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Wheeling 101: Beginner’s Guide to Driving Off-Road

Wheeling 101: Beginner’s Guide to Driving Off-Road

Off-road driving requires a different set of skills and more preparation than cruising down a busy highway. Since it is the road less taken, it’s always best to go with at least one other driver, especially if you’re a novice, as off-road trails can leave you stranded. That extra vehicle means you’ll have a dependable hand if you get stuck and won’t have to walk ten miles out if you have a break-down. Here are some essential rules to follow when you are new to wheeling your Jeep Wrangler.

Table of Contents
  1. Know Your Vehicle
  2. Scout the Terrain
  3. Keep Up the Momentum
  4. Weather Report
  5. Pack All Essentials

Off-road driving is nothing short of awesome, provided speed is not your main adrenaline rush. Even gravel roads require you slow down as speeding will throw a lot of rocks, many of which will hit your windshield and your Wrangler’s body and can cause expensive repairs. Gravel roads also have the tendency to create “washboard”, giving your vehicle the shakes so badly you may think your arms and legs are working loose at the joints. Dirt roads are a virtual obstacle course with ruts, submerged boulders, uneven surfaces, and potholes deep enough to sink a tire. Slowing down not only shields you from unpleasant surprises, you’ll get more enjoyment from that unspoiled scenery you were so anxious to see.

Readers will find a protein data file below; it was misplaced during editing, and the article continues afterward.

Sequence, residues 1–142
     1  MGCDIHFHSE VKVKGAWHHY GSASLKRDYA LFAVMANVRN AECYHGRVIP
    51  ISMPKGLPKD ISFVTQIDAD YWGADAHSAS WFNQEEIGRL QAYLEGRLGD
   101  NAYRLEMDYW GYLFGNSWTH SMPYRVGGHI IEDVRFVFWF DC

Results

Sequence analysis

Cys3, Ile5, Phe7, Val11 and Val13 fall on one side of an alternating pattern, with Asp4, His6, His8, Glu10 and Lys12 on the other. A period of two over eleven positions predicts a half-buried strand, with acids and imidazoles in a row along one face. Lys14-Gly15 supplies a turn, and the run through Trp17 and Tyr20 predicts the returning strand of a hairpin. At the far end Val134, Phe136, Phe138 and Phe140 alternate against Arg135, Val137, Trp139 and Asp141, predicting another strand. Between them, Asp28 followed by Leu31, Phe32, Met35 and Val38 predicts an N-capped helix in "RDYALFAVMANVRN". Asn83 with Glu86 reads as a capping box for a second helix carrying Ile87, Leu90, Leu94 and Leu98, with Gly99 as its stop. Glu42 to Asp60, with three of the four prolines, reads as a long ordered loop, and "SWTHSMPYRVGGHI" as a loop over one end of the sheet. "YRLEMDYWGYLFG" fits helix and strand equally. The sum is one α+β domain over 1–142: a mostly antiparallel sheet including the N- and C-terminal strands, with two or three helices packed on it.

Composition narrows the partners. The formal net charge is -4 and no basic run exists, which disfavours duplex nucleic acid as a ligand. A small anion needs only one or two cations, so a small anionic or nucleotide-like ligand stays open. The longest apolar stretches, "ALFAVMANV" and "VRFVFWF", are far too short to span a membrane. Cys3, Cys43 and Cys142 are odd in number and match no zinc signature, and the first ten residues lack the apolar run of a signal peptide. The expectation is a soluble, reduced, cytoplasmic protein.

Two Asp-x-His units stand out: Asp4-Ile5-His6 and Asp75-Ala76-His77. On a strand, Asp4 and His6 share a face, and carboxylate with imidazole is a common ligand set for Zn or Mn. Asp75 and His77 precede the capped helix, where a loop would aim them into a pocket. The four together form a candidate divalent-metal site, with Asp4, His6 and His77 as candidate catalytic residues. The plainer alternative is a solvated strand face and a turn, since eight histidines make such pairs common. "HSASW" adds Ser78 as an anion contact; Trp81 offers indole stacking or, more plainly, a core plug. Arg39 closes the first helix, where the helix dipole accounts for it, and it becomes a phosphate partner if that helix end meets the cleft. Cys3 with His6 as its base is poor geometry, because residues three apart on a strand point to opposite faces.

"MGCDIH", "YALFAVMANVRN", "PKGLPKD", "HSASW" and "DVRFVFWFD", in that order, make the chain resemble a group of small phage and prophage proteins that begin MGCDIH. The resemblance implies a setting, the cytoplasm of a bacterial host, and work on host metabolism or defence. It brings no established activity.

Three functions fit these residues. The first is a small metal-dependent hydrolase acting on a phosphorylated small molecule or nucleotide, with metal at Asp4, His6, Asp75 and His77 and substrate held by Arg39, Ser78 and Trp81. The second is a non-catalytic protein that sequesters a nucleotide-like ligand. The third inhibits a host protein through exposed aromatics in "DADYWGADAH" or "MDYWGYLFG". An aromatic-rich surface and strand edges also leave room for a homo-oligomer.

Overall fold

Know Your Vehicle

Before beginning your off-road experience, take time to appraise your Wrangler. Become familiar with its width and length so you know just how tight a spot it can squeeze through. Take a look at the undercarriage so you know how much clearance it has. Invest in skid plates to protect your differential and steering box. Damaging important components by scraping the bottom of your Wrangler on a high-rise can turn your mean machine into a gutless wonder. Know the minimum ground clearance at the lowest point of your axle. If you are planning on rock climbing, invest in a lift kit. Keep a mechanic’s tool kit and repair manual on hand for simple patch-up jobs. Sometimes, all you need is a turn of the wrench to get your stalled-out Jeep running again.

Scout the Terrain

When in question, get out and examine the terrain you’ll be driving. A water-filled pothole won’t tell you how deep it is and soft mud can be deeper than it looks. Deflate your tires a little before driving in mud. Before cresting a rugged hill, check to see what’s at the bottom. On snow-covered roads, it’s not the snow that’s dangerous, it’s the ice underneath. A good foreknowledge of the road will relieve you of some unexpected surprises.

When water crossing, learn to be a good judge of depth and what lies on the bottom. Smooth water usually means a mud or sand bottom. If the water is choppy and rough, there are rocks underneath. Don’t drive against the current. Take it at right angles, letting the current float you, if necessary, to the opposite bank. Create a “bow wake” by keeping a steady speed. When you have finished crossing, make sure your brakes are dry and your air filter undamaged before continuing on your way.

Keep Up the Momentum